Since 2017, AT&T has received not only a $ 42 billion tax break courtesy of the Trump administration, but billions more in regulatory favors from the Trump FCC, including the repeal of net neutrality, the erosion of much of the FCC’s authority to police natural telecom monopolies, and the elimination of broadband-specific privacy rules. In exchange, AT&T promised thousands of “high paying jobs” and a massive spike in investment. Instead, AT&T fired more than 42,000 employees and trimmed its overall 2020 investment. It’s nice work if you can get it.
And AT&T’s not done yet. AT&T spent roughly $ 175 billion DirecTV and Time Warner mergers thinking it could buy its way to streaming video domination. But that’s not working out so hot, and AT&T’s now doing everything in power to trim its balance sheet. That includes plans to sell DirecTV for a huge loss, and thousands more layoffs across Time Warner, HBO, and other recently acquired properties:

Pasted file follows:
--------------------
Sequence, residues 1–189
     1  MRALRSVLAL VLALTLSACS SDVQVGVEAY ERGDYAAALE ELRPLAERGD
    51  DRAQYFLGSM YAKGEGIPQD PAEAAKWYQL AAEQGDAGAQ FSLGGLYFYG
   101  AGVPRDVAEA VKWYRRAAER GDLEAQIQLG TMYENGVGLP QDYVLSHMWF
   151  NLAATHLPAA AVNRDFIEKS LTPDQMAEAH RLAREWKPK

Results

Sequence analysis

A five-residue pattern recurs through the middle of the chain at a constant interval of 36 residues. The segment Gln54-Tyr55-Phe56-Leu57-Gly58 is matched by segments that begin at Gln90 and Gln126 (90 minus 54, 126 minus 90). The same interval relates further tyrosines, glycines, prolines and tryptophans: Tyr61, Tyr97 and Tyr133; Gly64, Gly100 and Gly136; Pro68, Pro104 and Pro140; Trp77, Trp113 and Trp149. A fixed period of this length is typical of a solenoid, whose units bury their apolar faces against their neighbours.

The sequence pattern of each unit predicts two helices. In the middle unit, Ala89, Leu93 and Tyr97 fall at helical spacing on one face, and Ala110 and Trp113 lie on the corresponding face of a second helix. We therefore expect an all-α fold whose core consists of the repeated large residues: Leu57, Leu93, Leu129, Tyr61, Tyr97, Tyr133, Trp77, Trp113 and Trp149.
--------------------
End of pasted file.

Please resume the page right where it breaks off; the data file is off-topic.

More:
“AT&T’s WarnerMedia is restructuring its workforce as it seeks to reduce costs by as much as 20 percent as the coronavirus pandemic drains income from movie tickets, cable subscriptions and television ads, according to people familiar with the matter. The overhaul, which is expected to begin in the coming weeks, would result in thousands of layoffs across Warner Bros. studios and TV channels like HBO, TBS and TNT, the people said.
COVID will provide cover for AT&T, but these layoffs had already been in the works after investor backlash at AT&T’s merger mania. COVID will also create cover for the fact that this is all stuff that opponents of the AT&T Time Warner merger repeatedly warned would happen before being promptly ignored by regulators at the FCC and elsewhere. These mindless megadeals always come bearing ample promises about next-level innovation, right before delivering layoffs and higher prices for consumers and competitors alike.
The company’s promise that the deal wouldn’t result in price hikes for consumers? False. The company’s promise the deal wouldn’t result in higher prices for competitors needing access to essential AT&T content like HBO? False. AT&T’s promise they wouldn’t hide Time Warner content behind exclusivity paywalls? False. The idea that the merger would somehow create more jobs at the company? False. Falsehoods that were all taxpayer subsidized and rubber-stamped thanks to regulatory capture.
This being America, you can expect nobody, on absolutely any level of punditry, press, or government, to learn absolutely anything from this experience.